Gary Vaynerchuk starts his book The Thank You Economy in a way that illustrates this truth perfectly:
I’ve been living the Thank You Economy since a day sometime around 1995, when a customer came into my dad’s liquor store and said, “I just bought a bottle of Lindemans Chardonnay for $5.99, but I got your $4.99 coupon in the mail. Can you honor it? I’ve got the receipt.”
The store manager working the floor at the time replied, “No.”
I looked up from where I was on my knees dusting the shelves and saw the guy’s eyes widen as he said, “Are you serious?”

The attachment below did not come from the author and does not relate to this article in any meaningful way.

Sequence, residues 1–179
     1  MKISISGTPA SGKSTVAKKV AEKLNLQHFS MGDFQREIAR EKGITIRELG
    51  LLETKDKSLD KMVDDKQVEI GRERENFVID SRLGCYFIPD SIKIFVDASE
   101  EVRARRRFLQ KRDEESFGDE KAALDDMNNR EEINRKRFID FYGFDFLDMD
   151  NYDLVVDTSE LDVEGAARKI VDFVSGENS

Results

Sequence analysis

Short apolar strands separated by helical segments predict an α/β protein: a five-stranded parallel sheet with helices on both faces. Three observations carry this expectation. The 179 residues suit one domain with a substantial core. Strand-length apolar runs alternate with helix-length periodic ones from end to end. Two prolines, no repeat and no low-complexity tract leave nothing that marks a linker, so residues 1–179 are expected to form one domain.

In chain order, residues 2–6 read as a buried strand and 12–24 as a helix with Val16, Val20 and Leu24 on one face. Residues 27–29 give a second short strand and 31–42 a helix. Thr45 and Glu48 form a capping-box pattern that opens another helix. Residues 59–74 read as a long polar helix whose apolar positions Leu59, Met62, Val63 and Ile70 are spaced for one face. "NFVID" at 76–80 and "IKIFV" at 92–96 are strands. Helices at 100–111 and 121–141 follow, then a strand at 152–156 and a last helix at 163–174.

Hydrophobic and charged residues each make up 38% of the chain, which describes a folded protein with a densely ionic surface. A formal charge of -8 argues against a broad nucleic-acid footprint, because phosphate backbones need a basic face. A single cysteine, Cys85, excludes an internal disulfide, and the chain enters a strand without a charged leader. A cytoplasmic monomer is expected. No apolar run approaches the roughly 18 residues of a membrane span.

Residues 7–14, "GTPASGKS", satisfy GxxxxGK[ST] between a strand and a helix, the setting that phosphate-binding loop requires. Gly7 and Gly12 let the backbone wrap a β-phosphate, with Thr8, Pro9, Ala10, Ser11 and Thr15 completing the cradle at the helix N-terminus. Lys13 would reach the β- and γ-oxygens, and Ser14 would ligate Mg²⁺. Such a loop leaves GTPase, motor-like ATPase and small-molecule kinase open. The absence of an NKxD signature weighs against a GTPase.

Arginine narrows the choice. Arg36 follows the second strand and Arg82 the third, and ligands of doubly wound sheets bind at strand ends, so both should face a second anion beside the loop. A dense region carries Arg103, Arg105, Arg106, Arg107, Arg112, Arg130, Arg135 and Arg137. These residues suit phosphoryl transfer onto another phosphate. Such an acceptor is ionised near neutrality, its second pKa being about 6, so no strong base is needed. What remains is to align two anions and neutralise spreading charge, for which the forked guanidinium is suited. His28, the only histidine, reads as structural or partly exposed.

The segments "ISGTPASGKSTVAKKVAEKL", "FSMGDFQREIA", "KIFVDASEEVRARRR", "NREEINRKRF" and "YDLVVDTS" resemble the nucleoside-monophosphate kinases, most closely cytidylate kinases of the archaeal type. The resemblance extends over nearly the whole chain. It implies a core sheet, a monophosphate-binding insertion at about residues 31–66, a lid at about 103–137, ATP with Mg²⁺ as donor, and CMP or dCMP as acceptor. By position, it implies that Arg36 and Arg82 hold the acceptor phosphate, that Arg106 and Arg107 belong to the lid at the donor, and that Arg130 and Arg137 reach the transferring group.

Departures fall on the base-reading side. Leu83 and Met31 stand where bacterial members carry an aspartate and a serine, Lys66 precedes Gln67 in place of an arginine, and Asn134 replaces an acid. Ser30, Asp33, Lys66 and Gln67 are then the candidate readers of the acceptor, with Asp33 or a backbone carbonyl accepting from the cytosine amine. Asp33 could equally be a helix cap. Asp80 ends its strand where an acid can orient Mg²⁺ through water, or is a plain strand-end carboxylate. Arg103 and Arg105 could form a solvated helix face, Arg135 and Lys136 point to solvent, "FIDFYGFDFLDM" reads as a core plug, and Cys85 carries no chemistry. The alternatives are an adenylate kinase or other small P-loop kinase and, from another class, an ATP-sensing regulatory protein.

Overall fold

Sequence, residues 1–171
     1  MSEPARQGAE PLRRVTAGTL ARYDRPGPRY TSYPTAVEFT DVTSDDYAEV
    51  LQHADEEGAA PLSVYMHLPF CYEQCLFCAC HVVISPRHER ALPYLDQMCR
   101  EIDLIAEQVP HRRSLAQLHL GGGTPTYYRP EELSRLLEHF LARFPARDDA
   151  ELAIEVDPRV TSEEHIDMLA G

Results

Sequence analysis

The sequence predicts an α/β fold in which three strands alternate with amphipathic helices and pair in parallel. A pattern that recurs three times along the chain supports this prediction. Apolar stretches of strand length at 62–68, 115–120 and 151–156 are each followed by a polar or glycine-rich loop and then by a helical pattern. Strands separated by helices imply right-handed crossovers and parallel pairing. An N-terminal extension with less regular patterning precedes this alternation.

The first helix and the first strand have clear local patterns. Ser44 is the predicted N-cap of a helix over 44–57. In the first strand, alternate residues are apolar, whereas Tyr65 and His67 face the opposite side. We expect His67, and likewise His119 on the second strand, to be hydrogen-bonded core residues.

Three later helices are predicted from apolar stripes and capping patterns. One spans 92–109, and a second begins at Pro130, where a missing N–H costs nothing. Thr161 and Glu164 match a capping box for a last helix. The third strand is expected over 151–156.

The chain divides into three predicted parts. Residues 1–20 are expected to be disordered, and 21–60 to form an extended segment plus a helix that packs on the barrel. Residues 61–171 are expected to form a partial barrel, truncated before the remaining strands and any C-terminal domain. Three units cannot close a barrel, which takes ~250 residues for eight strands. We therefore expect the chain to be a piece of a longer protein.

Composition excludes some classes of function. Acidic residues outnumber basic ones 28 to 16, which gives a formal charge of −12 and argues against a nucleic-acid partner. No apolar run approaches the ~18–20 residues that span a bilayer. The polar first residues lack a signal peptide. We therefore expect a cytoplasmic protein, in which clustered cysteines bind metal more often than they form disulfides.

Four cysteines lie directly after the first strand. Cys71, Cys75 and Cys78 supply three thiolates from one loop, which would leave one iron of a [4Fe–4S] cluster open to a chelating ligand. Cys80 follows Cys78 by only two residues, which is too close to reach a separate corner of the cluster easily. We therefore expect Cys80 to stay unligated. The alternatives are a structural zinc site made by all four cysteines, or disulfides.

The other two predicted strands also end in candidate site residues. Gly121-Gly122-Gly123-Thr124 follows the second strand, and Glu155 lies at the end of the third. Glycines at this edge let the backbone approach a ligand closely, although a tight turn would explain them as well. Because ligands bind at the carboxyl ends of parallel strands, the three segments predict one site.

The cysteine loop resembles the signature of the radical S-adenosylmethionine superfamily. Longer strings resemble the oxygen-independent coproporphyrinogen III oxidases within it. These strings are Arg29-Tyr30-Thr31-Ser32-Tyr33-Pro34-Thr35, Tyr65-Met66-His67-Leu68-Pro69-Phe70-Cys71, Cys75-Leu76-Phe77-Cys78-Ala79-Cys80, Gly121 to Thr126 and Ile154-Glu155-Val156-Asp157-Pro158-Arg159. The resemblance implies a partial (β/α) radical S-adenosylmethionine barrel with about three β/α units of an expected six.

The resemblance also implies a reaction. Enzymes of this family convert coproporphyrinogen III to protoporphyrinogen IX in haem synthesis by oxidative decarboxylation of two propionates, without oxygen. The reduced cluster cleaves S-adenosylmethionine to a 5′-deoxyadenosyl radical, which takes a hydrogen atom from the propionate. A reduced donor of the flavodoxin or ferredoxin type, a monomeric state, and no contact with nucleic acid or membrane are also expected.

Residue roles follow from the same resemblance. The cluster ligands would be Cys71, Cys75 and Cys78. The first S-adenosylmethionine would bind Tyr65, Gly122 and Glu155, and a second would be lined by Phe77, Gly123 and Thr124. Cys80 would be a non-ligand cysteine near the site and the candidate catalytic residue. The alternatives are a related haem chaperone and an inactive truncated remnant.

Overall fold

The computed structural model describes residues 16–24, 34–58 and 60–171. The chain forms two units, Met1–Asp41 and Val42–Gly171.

The manager said, “No, no. You have to buy more to get it at $4.99.”
As the man left, I went over to the manager and said, “That guy will need come back.”
I was wrong about that; he did come back. He came back a couple of months later — to tell us he would never shop with us again.
Now, I wasn’t any nicer than this manager, nor have I ever been a softie when it comes to business. However, though I was young and still had a lot to learn, I knew deep in my gut that he had made the wrong call.
The manager believed he was protecting the store from a customer trying to take advantage of it; all I could see was that we had missed an opportunity to make a customer happy.